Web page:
Consumers are more excited than ever about high speed Internet access, but service providers are so far failing to deliver, according to a new report.
Nearly two-thirds of PC owning homes in the US are interested in high speed Internet services, according to a Yankee Group report titled 'Forecasting the high speed Internet market for consumers: it's about supply and demand'.
Since last year, the number of online households very interested in high speed Internet access has increased from 25 per cent to 41 per cent. A further 43 per cent are now "somewhat" interested in high speed, the survey said.
In addition, more households are prepared to pay a higher price for high speed access than last year. Thirty six per cent of online households said they would pay the same for fast Internet as they pay for cable services - around $40 per month - up from 27 per cent last year.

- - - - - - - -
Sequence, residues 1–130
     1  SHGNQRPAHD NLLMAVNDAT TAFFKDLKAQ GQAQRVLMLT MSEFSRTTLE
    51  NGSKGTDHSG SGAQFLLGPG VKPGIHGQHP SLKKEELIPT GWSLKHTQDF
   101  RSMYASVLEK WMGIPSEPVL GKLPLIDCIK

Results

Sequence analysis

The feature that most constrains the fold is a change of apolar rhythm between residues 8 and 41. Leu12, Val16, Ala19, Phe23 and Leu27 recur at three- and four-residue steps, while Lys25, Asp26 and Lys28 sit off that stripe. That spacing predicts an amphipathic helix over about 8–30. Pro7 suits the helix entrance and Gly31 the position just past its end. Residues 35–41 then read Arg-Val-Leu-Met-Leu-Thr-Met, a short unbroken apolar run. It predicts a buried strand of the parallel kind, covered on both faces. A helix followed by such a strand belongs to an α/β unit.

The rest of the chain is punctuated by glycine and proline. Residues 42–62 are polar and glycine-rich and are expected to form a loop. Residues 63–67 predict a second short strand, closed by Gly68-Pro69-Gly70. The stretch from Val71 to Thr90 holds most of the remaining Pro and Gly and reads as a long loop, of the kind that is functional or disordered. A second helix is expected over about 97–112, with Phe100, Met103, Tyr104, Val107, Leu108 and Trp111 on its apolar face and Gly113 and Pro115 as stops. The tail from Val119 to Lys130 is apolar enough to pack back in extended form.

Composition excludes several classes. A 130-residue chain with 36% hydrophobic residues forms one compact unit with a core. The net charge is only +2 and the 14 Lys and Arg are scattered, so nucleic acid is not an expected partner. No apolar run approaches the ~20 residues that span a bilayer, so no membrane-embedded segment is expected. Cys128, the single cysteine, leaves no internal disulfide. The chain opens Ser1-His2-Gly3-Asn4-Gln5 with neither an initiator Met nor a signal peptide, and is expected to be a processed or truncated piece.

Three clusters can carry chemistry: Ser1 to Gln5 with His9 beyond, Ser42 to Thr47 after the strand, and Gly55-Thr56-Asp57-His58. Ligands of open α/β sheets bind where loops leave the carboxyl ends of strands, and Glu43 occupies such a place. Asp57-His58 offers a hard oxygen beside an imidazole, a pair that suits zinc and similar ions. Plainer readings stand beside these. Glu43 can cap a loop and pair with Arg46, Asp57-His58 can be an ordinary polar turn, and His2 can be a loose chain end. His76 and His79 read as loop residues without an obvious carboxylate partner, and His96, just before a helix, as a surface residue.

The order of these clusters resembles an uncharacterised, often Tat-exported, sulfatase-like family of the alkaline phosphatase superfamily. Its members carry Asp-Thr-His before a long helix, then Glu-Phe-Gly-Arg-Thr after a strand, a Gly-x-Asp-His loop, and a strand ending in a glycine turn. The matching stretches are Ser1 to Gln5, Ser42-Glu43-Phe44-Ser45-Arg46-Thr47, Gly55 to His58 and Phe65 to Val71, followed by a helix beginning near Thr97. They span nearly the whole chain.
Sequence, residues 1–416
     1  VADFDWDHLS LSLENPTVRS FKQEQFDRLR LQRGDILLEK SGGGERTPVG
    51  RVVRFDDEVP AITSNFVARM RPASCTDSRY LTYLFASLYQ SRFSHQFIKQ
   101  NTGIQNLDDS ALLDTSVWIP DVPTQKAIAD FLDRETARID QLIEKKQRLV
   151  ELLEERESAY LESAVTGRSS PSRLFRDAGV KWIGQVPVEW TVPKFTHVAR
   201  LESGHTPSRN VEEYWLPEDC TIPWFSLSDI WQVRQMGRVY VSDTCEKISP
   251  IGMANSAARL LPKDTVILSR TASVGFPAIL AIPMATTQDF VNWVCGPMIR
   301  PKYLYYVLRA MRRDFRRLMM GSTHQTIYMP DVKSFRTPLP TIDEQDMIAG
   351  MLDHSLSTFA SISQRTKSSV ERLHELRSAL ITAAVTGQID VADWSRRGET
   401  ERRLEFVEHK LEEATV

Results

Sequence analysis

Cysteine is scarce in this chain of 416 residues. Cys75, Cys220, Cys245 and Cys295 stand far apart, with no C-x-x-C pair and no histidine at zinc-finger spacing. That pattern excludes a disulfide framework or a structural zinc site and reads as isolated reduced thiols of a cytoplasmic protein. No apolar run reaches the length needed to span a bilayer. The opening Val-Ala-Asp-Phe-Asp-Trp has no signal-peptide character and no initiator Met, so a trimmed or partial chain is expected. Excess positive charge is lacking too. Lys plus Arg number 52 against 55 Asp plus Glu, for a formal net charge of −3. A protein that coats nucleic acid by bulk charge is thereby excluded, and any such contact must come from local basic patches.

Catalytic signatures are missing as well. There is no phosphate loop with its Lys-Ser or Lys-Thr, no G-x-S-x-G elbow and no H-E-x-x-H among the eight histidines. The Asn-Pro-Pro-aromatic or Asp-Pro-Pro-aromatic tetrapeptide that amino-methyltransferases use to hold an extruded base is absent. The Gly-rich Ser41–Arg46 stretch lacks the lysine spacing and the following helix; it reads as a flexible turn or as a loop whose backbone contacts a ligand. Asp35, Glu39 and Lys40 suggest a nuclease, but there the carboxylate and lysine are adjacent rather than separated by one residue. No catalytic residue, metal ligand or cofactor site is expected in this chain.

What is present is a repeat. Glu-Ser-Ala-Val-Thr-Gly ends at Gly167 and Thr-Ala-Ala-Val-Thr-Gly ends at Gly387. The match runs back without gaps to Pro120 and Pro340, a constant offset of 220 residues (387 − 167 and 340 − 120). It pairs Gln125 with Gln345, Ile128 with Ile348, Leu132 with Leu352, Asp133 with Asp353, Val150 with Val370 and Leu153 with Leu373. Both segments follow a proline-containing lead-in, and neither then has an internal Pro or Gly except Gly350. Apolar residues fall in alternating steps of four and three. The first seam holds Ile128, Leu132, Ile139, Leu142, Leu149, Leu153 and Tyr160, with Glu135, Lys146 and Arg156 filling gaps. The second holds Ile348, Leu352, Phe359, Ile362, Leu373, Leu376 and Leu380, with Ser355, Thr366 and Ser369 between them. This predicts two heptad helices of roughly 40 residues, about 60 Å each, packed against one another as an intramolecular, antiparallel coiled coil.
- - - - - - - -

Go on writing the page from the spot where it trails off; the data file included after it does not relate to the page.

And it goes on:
But telcos and cable companies are only just beginning to offer high speed services in the US, the survey says. Moreover, while the roll-out of cable is ahead of other technologies such as digital subscriber line, it is still only available to one in seven US households.
Despite low penetration at the moment, high speed Internet is set to explode over the next three years, according to the Yankee Group. The number of US households subscribing to such Internet services will increase from under 500,000 today, to seven million by 2002, the report says.
More households are going online and there is more willingness to pay for the advantages of high speed data services said Bruce Leichtman, director of media and entertainment strategies at the Yankee Group. "It's now up to the cable operators and telephone companies to respond," he said.
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